An American air marshal has shot and killed a passenger at Miami airport in Florida.
The extact number of US air marshals is classified
The incident marks the first time a passenger has been killed by marshals since the 11 September 2001 attacks on the US.
BBC News summarises their role and the issues surrounding their deployment.
What are air marshals?
An air marshal is an undercover armed guard on board a commercial aircraft, to counter hijackings and other hostile acts.
US marshal training includes marksmanship, intimidation tactics and emergency procedures, according to the department for homeland security.
What is the US policy on air marshals?
There were 33 federal air marshals at the time of the 2001 attacks. The Bush administration hired thousands more afterwards, but the exact number is classified information.
The programme began in 1968 and was expanded in 1985. The service is now part of the department of homeland security.
In late 2003 the US said international flights to or over the country would be required to carry armed guards in certain cases. Washington said flights could be banned if airlines refused to comply.
The demand prompted concerns over safety and cost from some carriers.
Some were worried that a firearm carried by a sky marshal could be used against the aircraft or its crew.
How many other nations use air marshals - and what is their record?
Israel's El Al has had armed marshals operating on its flights for more than 30 years.
A minority of other countries have also introduced armed guards on board, including Germany, Canada and Australia.
In the 1970s a team managed to overpower hijackers on an El Al flight from Amsterdam to New York by warning the pilot, who put the plane into a steep dive, throwing the attackers off their feet.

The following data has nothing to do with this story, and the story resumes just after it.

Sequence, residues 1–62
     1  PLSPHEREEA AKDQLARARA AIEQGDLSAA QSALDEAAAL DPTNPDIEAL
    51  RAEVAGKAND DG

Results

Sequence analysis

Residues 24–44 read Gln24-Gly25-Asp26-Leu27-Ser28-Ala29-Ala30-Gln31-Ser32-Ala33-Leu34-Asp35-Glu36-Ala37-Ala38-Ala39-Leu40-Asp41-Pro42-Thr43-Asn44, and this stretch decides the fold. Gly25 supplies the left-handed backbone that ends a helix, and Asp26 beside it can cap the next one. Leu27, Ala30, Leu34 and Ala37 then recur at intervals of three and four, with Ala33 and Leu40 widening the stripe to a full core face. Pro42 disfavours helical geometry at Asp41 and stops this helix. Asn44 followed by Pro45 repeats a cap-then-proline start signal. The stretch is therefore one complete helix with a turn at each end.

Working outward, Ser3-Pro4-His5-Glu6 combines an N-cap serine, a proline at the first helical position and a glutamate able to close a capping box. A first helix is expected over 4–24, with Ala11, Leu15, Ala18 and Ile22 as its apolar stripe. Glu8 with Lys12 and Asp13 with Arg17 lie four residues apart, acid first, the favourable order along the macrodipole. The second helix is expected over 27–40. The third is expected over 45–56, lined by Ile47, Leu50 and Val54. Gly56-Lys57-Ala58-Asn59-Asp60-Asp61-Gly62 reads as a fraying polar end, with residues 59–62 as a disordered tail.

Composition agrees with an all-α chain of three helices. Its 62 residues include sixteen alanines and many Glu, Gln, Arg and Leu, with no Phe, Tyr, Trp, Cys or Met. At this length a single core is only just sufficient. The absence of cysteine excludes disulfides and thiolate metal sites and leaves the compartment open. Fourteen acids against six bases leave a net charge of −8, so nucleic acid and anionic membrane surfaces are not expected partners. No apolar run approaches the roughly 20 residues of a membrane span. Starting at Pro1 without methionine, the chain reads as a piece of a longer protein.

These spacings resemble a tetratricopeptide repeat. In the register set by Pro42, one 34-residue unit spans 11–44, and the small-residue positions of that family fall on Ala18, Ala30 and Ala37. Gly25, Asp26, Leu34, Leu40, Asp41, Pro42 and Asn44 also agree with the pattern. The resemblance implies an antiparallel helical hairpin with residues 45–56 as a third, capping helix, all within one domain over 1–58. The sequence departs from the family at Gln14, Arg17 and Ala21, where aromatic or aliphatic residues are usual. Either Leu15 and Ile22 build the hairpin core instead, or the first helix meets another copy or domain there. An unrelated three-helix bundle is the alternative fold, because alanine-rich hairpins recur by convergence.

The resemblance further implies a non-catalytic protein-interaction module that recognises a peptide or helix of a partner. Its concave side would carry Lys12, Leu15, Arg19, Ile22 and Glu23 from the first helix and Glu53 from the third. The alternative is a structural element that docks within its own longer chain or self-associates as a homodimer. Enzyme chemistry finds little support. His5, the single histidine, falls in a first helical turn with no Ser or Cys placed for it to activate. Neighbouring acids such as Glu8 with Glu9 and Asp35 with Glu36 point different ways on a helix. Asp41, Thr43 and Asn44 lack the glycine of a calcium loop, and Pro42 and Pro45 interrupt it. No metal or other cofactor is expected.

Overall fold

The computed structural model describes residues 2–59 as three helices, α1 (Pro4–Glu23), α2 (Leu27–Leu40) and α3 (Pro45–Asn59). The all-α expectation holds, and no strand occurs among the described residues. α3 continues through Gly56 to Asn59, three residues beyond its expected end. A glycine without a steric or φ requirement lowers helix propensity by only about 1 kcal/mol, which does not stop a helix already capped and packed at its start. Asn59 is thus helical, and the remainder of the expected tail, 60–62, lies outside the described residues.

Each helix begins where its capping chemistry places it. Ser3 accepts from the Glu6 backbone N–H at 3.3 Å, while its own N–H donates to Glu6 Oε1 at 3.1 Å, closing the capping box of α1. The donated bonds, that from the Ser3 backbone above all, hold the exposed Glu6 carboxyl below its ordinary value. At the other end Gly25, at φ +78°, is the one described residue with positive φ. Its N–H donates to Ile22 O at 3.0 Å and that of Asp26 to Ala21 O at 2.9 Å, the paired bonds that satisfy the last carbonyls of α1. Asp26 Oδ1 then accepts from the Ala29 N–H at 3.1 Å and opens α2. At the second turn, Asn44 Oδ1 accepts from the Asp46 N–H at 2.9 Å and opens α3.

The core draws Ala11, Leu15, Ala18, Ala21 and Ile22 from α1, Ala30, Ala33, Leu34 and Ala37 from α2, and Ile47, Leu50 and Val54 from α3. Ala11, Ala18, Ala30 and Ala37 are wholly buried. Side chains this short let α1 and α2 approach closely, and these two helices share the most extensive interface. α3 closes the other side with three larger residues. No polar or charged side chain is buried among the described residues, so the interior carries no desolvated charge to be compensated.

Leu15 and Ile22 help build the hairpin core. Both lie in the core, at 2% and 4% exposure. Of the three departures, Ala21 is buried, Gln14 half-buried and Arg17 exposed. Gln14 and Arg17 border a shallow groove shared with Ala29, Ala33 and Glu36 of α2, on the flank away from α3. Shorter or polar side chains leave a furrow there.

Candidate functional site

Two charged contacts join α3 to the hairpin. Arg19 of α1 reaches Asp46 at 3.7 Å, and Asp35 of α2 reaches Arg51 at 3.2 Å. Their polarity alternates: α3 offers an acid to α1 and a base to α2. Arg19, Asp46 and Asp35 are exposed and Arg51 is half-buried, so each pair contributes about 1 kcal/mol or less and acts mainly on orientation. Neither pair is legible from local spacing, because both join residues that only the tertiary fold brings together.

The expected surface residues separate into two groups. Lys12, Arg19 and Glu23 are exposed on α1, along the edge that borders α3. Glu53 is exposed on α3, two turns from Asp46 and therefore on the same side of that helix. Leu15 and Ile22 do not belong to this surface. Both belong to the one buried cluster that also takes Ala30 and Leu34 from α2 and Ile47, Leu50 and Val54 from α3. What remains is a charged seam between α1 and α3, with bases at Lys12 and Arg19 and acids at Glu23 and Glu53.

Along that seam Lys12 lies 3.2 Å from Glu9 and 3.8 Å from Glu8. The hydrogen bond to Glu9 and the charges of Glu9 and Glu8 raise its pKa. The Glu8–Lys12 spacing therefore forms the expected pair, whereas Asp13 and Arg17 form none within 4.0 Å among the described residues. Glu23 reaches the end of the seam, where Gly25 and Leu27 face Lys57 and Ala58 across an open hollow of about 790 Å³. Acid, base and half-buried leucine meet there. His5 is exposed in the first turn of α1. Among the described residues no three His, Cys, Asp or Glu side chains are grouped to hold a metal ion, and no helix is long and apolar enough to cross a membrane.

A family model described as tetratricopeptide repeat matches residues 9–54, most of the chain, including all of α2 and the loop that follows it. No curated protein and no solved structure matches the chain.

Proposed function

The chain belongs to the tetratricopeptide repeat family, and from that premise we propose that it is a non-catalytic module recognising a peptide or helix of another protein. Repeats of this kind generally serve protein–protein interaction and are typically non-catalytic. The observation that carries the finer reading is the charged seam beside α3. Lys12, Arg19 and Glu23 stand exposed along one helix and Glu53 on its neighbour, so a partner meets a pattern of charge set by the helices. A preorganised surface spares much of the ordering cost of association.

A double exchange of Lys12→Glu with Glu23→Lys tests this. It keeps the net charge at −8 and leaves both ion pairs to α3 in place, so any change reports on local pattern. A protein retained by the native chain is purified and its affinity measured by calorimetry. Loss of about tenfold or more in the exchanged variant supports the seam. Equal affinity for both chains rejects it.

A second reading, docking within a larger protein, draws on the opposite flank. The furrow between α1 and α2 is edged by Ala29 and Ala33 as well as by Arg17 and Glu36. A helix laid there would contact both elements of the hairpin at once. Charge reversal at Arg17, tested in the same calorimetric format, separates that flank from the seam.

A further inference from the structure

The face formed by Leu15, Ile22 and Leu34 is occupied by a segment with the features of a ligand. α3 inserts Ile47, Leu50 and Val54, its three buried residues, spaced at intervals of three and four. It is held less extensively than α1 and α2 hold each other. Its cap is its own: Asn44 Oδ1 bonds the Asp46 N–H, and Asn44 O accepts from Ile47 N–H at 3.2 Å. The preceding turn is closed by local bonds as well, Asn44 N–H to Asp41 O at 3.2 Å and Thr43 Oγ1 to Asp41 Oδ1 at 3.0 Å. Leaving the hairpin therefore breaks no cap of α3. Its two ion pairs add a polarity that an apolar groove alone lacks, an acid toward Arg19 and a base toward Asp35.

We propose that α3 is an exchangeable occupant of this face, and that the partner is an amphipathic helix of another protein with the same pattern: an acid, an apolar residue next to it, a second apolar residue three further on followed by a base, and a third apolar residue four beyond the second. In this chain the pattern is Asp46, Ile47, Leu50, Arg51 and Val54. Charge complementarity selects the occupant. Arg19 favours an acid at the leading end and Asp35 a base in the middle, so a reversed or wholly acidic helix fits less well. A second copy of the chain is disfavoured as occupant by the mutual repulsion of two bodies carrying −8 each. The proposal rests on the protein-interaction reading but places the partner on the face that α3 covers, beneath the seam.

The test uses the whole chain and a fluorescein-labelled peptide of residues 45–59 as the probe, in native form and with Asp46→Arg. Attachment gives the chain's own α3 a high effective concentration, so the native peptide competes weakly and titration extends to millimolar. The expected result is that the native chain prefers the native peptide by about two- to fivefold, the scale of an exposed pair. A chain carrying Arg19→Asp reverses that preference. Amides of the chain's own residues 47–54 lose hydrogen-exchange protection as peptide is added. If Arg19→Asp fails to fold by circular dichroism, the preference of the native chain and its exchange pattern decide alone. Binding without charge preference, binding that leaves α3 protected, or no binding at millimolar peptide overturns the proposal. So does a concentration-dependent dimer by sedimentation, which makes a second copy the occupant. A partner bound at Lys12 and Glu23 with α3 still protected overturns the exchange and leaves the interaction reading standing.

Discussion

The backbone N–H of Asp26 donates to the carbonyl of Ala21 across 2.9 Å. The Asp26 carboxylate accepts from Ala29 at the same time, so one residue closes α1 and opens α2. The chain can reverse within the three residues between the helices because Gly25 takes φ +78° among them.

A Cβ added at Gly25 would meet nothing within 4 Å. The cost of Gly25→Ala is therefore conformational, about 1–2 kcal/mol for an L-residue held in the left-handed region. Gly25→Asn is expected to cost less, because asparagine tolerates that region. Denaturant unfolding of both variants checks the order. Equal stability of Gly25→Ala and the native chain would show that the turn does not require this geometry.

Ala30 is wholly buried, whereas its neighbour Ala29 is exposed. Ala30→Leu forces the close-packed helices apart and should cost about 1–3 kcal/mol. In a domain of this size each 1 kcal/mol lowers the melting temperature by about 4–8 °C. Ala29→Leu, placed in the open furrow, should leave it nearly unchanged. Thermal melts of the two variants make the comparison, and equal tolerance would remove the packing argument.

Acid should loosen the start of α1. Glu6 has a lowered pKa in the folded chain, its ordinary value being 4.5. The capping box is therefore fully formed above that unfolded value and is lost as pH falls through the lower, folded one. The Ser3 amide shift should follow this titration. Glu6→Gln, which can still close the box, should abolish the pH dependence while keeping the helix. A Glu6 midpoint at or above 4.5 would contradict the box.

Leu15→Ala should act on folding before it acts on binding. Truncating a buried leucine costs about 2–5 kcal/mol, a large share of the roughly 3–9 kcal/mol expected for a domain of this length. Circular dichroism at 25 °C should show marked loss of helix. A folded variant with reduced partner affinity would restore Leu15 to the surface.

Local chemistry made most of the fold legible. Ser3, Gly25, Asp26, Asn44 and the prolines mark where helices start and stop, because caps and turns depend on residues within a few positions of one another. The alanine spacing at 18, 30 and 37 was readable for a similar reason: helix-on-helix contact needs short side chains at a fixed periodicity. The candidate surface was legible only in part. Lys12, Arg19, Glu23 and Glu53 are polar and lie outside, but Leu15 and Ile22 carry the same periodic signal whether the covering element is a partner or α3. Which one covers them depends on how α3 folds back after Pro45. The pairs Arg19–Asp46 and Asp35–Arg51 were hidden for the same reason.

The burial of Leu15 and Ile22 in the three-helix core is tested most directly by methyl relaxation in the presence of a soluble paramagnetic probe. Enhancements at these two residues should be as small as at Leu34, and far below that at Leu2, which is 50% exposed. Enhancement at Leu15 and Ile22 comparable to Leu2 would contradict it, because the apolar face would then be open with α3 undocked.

In 2002 El Al guards arrested a man with a knife who appeared to be storming a cockpit.
Also in 2002, two hijackers on an Ethiopian airline flight were shot.
Are any guns safe on aircraft?
There will always be the risk of injury, but the level of risk is thought to be manageable.
There is the potential for gunshots to penetrate the cabin walls, but this is unlikely to lead to serious cabin decompression.
A missing window can be compensated for by the plane's air supplies, and pilots are trained to descend should cabin pressure be affected.
Aircraft must also carry enough fuel to divert to a nearby airport.
There is the risk that gunfire will hit critical systems, but air marshals are trained to watch the background behind their target.
They also use what is called "pre-fragmented ammunition", which is designed to break apart on impact, not pass through the body.
Nevertheless, a gunfight on a passenger airliner is to be avoided at all cost.
What is the consensus among security experts on air marshals?
Experts in general say there is nothing wrong with them in principle, but that other security measures are more important.
Security is a chain stretching from the point where passengers arrive at the airport, to the point where they leave at their destination.
Stopping a potential attacker before they board the plane is the priority, though many experts believe air marshals are an important last line of defence.